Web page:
Paul Hague this week takes us on a trip down memory lane to discover the origins, history and development of the market research profession as we now know it.
A prostitute, a doctor and a market researcher were sitting around late one evening, and they got to discussing which was the oldest profession. The doctor pointed out that according to biblical tradition, God created Eve from Adam’s rib. This obviously required surgery, so therefore that was the oldest profession in the world. The prostitute said that this may be so but that was engineered by God, not doctors. Eve’s temptation of Adam was a clear indication that her profession was the first. The two turned to the researcher who was listening intently and taking notes. "Which profession do you think is the oldest?" they asked. "Well," said the researcher, "we can’t be sure without a survey and that will take six weeks. However, what you should know is that market research is the second oldest profession." "How is that?" asked the other two in unison. "No doubt at all about it," said the researcher, "because when Adam and Eve had done their deed, the first words that were uttered were, "How was it for you?"".
This story got me thinking about the history of market research. Casual questioning, as from Eve, is not the systematic process that we know as market research. It is said that the first recorded straw polls (incidentally, the term comes from farmers throwing a handful of straw into the air to check out where the wind was coming from) were in the early 1820s when newspapers in the United States carried out simple street surveys to see how the political winds were blowing. By the early 1900s a fledgling market research industry had started in the U.S. focusing on advertising testing in one form or another. The industry arrived on the U.K. shores in the 1920s and 30s, and I was reminded of this the other day when I picked up what must be one of the first books published on market research in this country (Market Research by Paul Redmayne & Hugh Weeks, Butterworth & Co – 1931).
Flipping the yellowing, musty pages, I was quickly taken back to my formative days in the market research department of Dunlop, where we had an ingenious device for analysing responses from questionnaires. The closed answers were represented on single cards, perforated with holes around the edge, each representing an answer to a question. If a respondent gave a particular answer, the perforated hole would be punched open right to the edge. When all the cards were punched, they could be lined up in the box and a needle would be run through the holes so that we could lift out only those cards which were not punched right to the edge. This enabled us to do a quick count of the number of cards left in the box, which represented respondents giving an answer to a question.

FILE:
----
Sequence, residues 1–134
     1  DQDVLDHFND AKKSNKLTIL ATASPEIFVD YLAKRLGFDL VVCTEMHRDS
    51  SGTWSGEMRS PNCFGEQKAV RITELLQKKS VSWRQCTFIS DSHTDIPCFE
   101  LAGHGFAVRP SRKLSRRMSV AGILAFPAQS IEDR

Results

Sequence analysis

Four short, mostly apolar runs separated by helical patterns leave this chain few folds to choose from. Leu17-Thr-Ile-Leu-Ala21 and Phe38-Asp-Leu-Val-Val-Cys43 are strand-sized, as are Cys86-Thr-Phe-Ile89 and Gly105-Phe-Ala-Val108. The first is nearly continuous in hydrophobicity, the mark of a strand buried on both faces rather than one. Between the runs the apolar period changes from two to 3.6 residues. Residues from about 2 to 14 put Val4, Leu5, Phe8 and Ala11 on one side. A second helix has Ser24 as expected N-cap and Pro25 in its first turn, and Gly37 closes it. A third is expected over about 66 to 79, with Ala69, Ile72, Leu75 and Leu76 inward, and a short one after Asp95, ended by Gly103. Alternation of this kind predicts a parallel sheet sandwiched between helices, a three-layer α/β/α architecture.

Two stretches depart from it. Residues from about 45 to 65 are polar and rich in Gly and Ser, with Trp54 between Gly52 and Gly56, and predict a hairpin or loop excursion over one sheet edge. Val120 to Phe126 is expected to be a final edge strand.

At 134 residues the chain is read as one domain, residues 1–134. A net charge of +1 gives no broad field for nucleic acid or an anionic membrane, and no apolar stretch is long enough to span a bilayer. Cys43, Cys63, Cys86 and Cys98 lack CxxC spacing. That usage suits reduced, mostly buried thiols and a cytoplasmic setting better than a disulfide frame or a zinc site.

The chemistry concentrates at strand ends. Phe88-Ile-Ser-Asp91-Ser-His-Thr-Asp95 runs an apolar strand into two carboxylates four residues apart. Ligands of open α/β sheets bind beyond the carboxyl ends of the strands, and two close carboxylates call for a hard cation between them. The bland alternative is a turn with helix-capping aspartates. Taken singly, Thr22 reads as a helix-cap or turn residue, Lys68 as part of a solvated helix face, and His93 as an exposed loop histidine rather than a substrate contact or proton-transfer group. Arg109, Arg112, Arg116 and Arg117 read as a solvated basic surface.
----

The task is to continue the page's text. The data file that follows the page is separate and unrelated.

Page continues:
Charting in those days was laboriously carried out with my Rotring pen and graph paper. Redmayne and Weeks had some sage advice for the novice market researcher on this subject: "There are many advantages in using a standard sheet of charting paper, so that charts can be kept together in a ring binder. It is useful to make a practice, dating each chart and of indicating to whom it has been shown and for what purpose it was first prepared, together with the original source of the various statistics plotted." Check out this illustration of how they suggested charts should look. You wouldn’t easily turn out 100 of these by hand the night before a presentation!
So what has changed in the market research industry over the last 100 years? Answer: almost everything.
The questions we ask are broadly the same but the technology that allows us to ask these questions – the phone and online – has resulted in faster, cheaper and more thorough surveys than ever before. Qualitative research is, as it always has been, dependent on the skills of the moderator, although focus group venues provide an improved environment for viewing and testing products and concepts. In quantitative research, the tools and techniques such as conjoint, SIMALTO, Van Westendorp and the like enable us to get a better fix on prices and product features. I was amused to read Redmayne and Weeks say: "As market research acquires a more established position in industry, its purpose will be better understood and appreciated by ordinary men and women, so that in time we may hope to reach the position of the United States, where the man in the street will respond to questions about his tastes and his buying habits since he can understand the reasons why he is being questioned. The time, however, is still very far off when consumers will have cause to be annoyed by the frequency with which they are approached. It will need a great number of investigations before many of the inhabitants of this country are called upon twice unless the general technique of investigations become so stereotyped that certain representative towns are continually being chosen." There must hardly be a person in the UK who has not been subjected to some sort of invitation to take part in a survey in the last year.
Returning to the story of the doctor, the prostitute and the market researcher, it occurs to me that market researchers may or may not be the second oldest profession in the world, but for certain, we will be the last profession hanging in there. When the world finally comes to an end, and we are queuing at the entrance to the Pearly Gates, there will be someone with a clip board and a questionnaire. "Just one more question Sir/Madam before you enter. Can you tell me how likely you are to recommend life on earth on a scale from 1 to 10 where…?" It’s that question again – "How was it for you?"